Last spring, tiny Hull City tripped up a luckless Bristol City in the playoff final at Wembley, and earned their way into the English Premier League for the very first time.
This humble squad which, as late as 2003, only barely held their place in the lowest division of the English League, was rewarded with invitations to dance at Old Trafford, Anfield, Stamford Bridge and The Emirates.
Unseen, at the bottom of the invites, were the unspoken words “Welcome, I guess, now please prepare to go away.”
Hull City are not going away.
They’ve already triumphed at Arsenal – and Newcastle, and Tott’n’m. They also bagged three goals in a losing effort at Manchester United. This past Saturday, they ran up a two-goal lead at Anfield, before a pair of desperately needed Steven Gerrard scoring strikes lifted Liverpool level on the day.
What I love about this team is not what they do, but rather how they do it. These tireless Tigers attack every ball. All of them. Fifty-fifties, half chances, bad passes – even very good passes. Opponents might win the ball, but a moving, overlapping, tireless, insatiable wall of orange and black will be there to block or burden the way forward.
This isn’t a 70-minute strategy. Heck, 90’s not going to be enough. The only way this works is if everybody gives their utter all, for 90 plus however much stoppage time the referee might care to allow.
Hull grabbed the lead early in Liverpool, on a surging header from Paul McShane just 12 minutes in. They doubled it on 22, when a hard low cross from the wing had the good fortune to hit Liverpool’s Jamie Carracher right in the back wheel well just two feet out. Own-goal. Happy Hull.
As mentioned, Gerrard put paid to all of that with two goals. But the real story, to me, was the second half.
It looked like Hull had fourteen men on the field. Everywhere the Reds found space, the Tigers closed – continually finding a second defender to rotate to the ball. Names don’t much matter here, because all of them were doing it.
And when the ball popped loose, Hull were on it. Pressing forward. Hard. Going all out to create, trusting teammates left far behind the ball to figure out the right rotation when the rampant Reds inevitably returned.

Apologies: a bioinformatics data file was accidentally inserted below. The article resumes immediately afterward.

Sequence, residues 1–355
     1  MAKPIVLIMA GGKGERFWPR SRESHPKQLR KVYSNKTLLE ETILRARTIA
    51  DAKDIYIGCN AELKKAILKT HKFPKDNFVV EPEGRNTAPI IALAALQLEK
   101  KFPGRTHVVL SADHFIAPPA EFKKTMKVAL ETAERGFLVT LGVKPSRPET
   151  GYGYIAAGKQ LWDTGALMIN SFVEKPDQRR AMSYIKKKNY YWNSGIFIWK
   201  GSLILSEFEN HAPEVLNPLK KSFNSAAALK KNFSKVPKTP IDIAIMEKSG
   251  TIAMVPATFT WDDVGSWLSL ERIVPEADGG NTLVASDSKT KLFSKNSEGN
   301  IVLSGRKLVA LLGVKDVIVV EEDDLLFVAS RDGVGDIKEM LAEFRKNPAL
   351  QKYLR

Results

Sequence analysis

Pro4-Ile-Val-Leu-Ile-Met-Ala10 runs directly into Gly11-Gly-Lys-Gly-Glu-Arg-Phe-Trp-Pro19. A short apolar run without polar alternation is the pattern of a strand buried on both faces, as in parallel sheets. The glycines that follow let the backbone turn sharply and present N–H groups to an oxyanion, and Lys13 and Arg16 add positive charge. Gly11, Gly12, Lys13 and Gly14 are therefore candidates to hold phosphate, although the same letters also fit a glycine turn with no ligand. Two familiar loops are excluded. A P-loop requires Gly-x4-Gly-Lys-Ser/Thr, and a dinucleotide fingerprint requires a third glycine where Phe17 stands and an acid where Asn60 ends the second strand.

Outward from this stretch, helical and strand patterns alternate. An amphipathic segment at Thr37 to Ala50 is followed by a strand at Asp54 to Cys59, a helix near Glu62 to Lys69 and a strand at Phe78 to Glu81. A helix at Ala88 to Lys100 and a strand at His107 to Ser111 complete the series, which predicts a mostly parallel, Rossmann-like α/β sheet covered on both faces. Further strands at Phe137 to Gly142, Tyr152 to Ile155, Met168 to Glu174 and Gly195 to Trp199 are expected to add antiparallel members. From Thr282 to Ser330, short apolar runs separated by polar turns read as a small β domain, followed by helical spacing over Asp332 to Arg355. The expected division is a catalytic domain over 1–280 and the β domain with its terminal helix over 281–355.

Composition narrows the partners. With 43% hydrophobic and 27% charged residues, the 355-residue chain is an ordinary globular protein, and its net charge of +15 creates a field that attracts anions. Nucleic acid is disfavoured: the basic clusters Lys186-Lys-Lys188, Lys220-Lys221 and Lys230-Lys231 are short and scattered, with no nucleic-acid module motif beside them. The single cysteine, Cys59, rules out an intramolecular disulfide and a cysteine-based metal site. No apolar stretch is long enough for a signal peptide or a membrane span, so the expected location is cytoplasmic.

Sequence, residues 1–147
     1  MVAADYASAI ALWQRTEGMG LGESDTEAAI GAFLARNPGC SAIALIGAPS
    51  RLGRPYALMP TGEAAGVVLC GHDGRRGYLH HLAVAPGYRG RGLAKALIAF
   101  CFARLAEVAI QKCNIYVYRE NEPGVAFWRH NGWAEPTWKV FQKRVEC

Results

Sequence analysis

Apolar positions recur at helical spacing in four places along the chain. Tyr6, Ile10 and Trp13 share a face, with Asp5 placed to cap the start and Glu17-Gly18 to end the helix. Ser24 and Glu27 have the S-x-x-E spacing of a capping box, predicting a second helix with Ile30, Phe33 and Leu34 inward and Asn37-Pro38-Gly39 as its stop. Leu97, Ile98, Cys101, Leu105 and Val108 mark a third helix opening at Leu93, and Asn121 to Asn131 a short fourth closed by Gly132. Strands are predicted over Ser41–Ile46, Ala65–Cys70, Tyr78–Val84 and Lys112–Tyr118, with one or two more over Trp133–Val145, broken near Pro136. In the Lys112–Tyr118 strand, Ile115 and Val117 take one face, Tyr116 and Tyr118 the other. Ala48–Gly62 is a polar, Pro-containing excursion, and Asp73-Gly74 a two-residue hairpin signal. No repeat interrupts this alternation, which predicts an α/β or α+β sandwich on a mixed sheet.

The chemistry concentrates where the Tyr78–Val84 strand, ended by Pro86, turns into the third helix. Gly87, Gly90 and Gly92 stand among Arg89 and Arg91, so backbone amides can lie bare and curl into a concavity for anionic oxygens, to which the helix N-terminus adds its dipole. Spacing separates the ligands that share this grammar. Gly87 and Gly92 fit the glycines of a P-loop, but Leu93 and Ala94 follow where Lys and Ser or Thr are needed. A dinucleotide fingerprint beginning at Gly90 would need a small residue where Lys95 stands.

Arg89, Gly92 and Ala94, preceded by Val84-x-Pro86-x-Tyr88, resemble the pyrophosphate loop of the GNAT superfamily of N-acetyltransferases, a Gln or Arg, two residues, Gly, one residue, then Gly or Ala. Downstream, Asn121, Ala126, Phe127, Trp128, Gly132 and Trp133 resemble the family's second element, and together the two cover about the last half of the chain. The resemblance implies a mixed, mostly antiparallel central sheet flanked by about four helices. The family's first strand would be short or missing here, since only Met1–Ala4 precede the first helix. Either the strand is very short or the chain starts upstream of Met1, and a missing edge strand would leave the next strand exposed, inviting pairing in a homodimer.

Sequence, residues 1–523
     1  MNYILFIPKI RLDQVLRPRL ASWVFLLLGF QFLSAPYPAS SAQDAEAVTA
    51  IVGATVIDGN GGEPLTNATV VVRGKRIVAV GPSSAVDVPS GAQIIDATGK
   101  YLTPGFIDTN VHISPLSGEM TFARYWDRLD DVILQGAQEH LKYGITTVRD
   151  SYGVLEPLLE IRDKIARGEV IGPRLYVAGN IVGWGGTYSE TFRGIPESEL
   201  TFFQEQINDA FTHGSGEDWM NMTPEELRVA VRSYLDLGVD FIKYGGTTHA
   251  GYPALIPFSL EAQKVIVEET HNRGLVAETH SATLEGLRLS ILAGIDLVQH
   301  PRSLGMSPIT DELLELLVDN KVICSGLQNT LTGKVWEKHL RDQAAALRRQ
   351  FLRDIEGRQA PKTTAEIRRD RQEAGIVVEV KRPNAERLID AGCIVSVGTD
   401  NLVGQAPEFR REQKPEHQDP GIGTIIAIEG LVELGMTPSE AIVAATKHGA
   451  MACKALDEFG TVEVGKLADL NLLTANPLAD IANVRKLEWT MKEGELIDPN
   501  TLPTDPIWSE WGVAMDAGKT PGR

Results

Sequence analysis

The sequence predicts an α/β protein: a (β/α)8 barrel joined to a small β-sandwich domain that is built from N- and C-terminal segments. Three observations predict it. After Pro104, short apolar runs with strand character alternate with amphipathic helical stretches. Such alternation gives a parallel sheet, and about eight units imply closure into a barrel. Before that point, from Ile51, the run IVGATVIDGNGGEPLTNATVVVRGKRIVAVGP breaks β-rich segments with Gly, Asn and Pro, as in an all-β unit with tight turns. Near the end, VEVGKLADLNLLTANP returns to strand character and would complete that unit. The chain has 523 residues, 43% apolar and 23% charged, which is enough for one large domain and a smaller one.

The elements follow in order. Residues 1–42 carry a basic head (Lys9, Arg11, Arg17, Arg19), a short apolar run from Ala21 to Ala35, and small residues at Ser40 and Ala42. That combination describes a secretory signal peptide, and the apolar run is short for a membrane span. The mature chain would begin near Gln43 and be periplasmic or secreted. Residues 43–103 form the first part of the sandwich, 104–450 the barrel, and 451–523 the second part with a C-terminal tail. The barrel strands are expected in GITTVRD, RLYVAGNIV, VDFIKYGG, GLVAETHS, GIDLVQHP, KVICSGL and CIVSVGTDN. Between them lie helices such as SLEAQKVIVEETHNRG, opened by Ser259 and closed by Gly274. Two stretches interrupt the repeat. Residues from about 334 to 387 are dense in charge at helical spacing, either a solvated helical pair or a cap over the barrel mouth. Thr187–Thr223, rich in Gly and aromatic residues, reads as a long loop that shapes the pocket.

These toothy, low-rent Tigers have been pulling this stunt up and down England since August. There is now more than enough evidence in the books to say this is not a fluke, and these largely anonymous near-Northerners will, indeed, be back next year.
And there is a huge lesson here – for Toronto FC.
Dwayne DeRosario is safely in the fold, and that’s a hefty upgrade on the busted-down bus our Fort York Redcoats drove around MLS last season. But most of the rest of the roster are the same guys who really didn’t compete in 2008.
But as Hull City are showing almost every week, scrap and attitude are the great equalizers in the wonderful sport of soccer. Heck, TFC do their own version of this tactic quite a bit. But the consistent, slam it on, every last minute, no breaks, no breathers, No-Sleep-Till-Columbus effort was far too inconsistent.
With a defence that still needs rebuilding, the possible imminent departure of swingman Marvell Wynne, as well as the happy arrival of a second creative, forward-pushing middie, the Torontos could indeed rise up strongly and suddenly – if they commit to utterly outworking the opposition every time they see green under their galoshes.
That’s largely how Greece shocked the world to win it all at Euro ’04. Humble roster, hellacious work ethic. And firebrand bench boss John Carver is exactly the sort of strategist to get them there.
I want every Hull City game to be compulsory viewing for the entire TFC travelling party. Play like that – anywhere and everywhere – and losses become draws, while draws blossom into … dare we even dream it?
The example is out there, lads. Are you ready – each and every one of you – to work … that … hard?